More in Translation

The Sahitya Akademi 's 2008 translation prizes in Hindi, Kashmiri, Sanskrit, and English went to
  • Mamooli Cheezon Ka Devata, Nilabh's Hindi translation of Arundhati Roy's The God Of Small Things,
  • Hindustani Afsaani, a translation of collection of short stories in various languages , into Kashmiri,
  • Sringarapadyavali, a translation of poetry by Tamil Sangam poets into Sanskrit, and
  • Topi Shulka, a translation of Rahi Masoom Raza's Hindustani novel by the same name, into English.
Rahi Masoom Raza, film-maker, fashion designer, poet, artist, music-lover, revivalist, social-worker... novelist.

"Set in Aligarh in the early 1960s, after the dust of Partition has ostensibly settled, Topi Shukla is an intriguing story of two friends-one Hindu and the other Muslim. Through the characters of people like Topi and Iffan, the novel looks at the lives of ordinary prople trying to survive in a socieyt that insists on a brutal conformity of beahviour. It is about individuals whose spirits are paralysed because they cannot conform, and about history's inability to teach mankind any worthwhile lessons.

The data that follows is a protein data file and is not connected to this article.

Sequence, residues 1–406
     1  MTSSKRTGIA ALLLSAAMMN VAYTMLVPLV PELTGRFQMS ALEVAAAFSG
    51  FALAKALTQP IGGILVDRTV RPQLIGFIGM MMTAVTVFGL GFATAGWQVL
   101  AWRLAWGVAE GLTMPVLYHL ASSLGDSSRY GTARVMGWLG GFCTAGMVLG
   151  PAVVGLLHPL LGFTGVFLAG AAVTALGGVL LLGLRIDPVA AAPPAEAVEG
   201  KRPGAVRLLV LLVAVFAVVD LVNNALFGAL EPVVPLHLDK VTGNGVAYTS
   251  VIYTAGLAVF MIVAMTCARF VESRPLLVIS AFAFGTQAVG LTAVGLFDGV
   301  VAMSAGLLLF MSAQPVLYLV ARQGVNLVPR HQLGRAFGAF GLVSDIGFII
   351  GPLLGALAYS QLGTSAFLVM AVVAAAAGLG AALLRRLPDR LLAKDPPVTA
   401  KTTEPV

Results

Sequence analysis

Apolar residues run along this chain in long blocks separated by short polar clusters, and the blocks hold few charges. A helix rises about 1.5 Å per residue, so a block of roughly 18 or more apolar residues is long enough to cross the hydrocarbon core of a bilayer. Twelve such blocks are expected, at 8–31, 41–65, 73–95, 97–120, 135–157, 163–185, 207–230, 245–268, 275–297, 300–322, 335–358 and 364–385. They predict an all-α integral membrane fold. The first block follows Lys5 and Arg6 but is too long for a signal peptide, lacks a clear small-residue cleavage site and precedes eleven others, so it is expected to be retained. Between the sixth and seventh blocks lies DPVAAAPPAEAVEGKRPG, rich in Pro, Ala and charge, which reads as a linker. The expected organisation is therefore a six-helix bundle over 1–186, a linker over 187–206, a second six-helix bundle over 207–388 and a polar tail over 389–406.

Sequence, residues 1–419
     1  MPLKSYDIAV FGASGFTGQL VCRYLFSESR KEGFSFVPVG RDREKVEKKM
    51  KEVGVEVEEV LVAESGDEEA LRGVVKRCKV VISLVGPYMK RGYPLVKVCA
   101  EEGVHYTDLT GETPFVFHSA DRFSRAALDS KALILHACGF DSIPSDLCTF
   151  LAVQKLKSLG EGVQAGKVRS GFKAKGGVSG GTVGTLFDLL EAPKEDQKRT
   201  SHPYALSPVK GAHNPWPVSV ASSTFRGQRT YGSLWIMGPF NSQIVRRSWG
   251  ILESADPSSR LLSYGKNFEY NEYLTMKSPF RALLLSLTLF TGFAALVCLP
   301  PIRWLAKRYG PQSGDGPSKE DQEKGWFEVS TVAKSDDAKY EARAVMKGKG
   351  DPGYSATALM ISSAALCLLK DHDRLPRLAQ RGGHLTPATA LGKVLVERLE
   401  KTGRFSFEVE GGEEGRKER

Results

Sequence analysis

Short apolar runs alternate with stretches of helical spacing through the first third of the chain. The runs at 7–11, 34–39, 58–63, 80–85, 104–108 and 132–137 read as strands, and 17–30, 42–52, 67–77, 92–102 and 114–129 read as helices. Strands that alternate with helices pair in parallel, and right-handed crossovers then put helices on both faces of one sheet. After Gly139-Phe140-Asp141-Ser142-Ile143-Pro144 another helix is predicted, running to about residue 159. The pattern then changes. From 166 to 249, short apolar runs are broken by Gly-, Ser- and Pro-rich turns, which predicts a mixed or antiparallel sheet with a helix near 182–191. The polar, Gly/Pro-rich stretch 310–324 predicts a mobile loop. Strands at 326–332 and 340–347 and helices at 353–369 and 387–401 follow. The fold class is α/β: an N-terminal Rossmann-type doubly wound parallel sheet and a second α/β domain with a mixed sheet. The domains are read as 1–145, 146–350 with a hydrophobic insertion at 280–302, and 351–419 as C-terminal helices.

Language plays an important part in this narrative, operating almost as a character in its own right. Topi, as a Hindi bull in the Urdu china shop, invokes the historical stand-off between the two languages.

The novel also explores the culture and psyche of Uttar Pradesh withits very Muslim Aligarh, its very Hindu Benares, and their exotic confluence in Lucknow. Although it is set in the India of the 1960s, the communal tensions and issues portrayed in the novel make it just a s relevant to the troubled times we face today. This fascinating novel wil be of tremendous interest to the general reader, as well as to students of literature in translation, partition fiction, and social history. The novel's engagement with intertextuality and metafiction will add to its interest for readers keen on literary theory."

The translation is by Meenakshi Shivram, a freelance translator and journalist with both the Web and the print media, and the foreword is by Harish Trivedi, Professor of English at Delhi University.

In our Indian Literature in Translation section, 145 pages, hardcover, Rs 225. ISBN: 9780195670899